CHARLESTON CHALLENGE: The 2013-'14 Charleston schedule features a season-opening game at Louisville and three games at the Wooden Legacy. Eight other opponents advanced to postseason play a year ago, including San Diego State (Charleston’s first-round Wooden Legacy foe). The Cougars will play either Arizona State or Creighton in their second Wooden Legacy game. “It is a great schedule, especially when you have the defending national champions on the road in Louisville and the defending ACC champions at home in Miami [also a possible Wooden Legacy foe on Dec. 1],” said coach Doug Wojcik. “We will also be tested early with tournament games out in Anaheim with San Diego State and Creighton or Arizona State in the next game as well as Marquette and Miami on the other side of the bracket.”
"SOME" Helping Hoya Hands: Georgetown coaches and players could be found pitching in on Aug. 27 in the southeastern corner of the District of Columbia at Independence Place, a housing project managed by SOME (So Others May Eat). “It's a great thing to know they care,” said Cynthia Smith-Lewis, property assistant manager for SOME, about the Georgetown team. “For the families to know that someone is investing in them to help their lives, it means a lot."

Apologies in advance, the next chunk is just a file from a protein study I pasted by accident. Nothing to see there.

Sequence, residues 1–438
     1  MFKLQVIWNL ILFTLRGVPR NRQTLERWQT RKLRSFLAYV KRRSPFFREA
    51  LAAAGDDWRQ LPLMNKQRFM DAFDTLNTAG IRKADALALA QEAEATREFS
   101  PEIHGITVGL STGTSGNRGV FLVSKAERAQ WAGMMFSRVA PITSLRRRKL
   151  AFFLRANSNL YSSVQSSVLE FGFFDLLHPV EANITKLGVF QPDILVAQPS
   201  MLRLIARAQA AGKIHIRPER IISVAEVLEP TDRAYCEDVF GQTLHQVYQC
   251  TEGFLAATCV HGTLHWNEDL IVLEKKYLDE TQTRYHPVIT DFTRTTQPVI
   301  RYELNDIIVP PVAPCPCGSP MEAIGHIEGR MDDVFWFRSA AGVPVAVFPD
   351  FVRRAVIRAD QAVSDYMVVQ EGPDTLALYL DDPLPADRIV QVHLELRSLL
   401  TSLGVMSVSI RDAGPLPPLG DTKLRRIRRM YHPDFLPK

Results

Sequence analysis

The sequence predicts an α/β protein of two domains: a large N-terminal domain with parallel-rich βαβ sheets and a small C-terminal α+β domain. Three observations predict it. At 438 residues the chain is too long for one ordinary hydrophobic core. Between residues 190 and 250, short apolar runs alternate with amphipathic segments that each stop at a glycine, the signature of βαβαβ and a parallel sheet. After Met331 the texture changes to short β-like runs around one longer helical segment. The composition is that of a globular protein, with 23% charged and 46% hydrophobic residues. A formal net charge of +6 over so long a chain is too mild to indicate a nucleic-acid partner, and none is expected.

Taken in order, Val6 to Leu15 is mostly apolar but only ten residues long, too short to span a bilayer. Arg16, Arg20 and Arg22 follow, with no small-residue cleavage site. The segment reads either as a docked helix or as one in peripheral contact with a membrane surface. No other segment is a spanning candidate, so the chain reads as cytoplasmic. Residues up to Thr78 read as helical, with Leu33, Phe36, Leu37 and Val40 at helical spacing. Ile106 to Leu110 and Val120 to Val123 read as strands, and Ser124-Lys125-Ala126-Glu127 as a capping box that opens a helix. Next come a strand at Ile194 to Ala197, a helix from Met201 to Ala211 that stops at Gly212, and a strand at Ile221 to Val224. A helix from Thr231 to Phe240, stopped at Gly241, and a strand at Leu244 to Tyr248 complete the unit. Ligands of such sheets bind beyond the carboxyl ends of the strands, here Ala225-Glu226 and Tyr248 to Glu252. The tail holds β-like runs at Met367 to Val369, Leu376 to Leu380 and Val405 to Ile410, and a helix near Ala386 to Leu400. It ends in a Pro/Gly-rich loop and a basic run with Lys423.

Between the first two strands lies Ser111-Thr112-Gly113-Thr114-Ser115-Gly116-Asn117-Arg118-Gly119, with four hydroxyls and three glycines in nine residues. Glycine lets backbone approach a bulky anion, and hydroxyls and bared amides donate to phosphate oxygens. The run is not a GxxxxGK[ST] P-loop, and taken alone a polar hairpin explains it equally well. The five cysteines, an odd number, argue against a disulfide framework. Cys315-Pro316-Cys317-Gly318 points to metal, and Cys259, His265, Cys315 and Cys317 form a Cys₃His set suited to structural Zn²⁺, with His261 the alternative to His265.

Making Coin: Josh Bartelstein, the captain of Michigan's national runner-up squad in the 2013 NCAA championship, spent three of his seasons in Ann Arbor writing the "J-Bart Blog" for the school’s athletic. According to an article posted Sept. 3 on ESPN.com by Eamonn Brennan, Bartelstein "figured out a way to not only archive all that great work, but make a little coin from it, too"—by releasing an eBook about the team. When announcing Bartelstein as the team’s “permanent” captain for the 2012-’13 Wolverine squad last November, coach John Beilein noted that the 2009 Wolverine walk-on was "the most selfless 'team, team, team' guy that I may have ever coached. That young man has the ear of the locker room, and he has the ear of the coaching staff as well."
Four-Peat: Long Beach State posted its 2013-’14 prospectus on its basketball website as the 49ers begin the season in search of their "fourth consecutive Big West regular season championship.” The 49ers matched UNLV as the last Big West school to win three straight regular-season crowns. The prospectus highlighted the return of Mike Caffey, an All-Big West Conference first-team selection. The 6-foot junior point guard was the 49ers' second-leading scorer last season (12.0 points per game).
The celebration of 100 years of basketball in Puerto Rico officially began last spring at the Olympic House (the former YMCA building where the first basketball court was located) with a photo exhibition that featured images ranging from the original court YMCA until Jose Juan Barea championship with the Dallas Mavericks in 2010. Barea was "excited" and thankful about being chosen “to represent a generation of basketball in Puerto Rico.”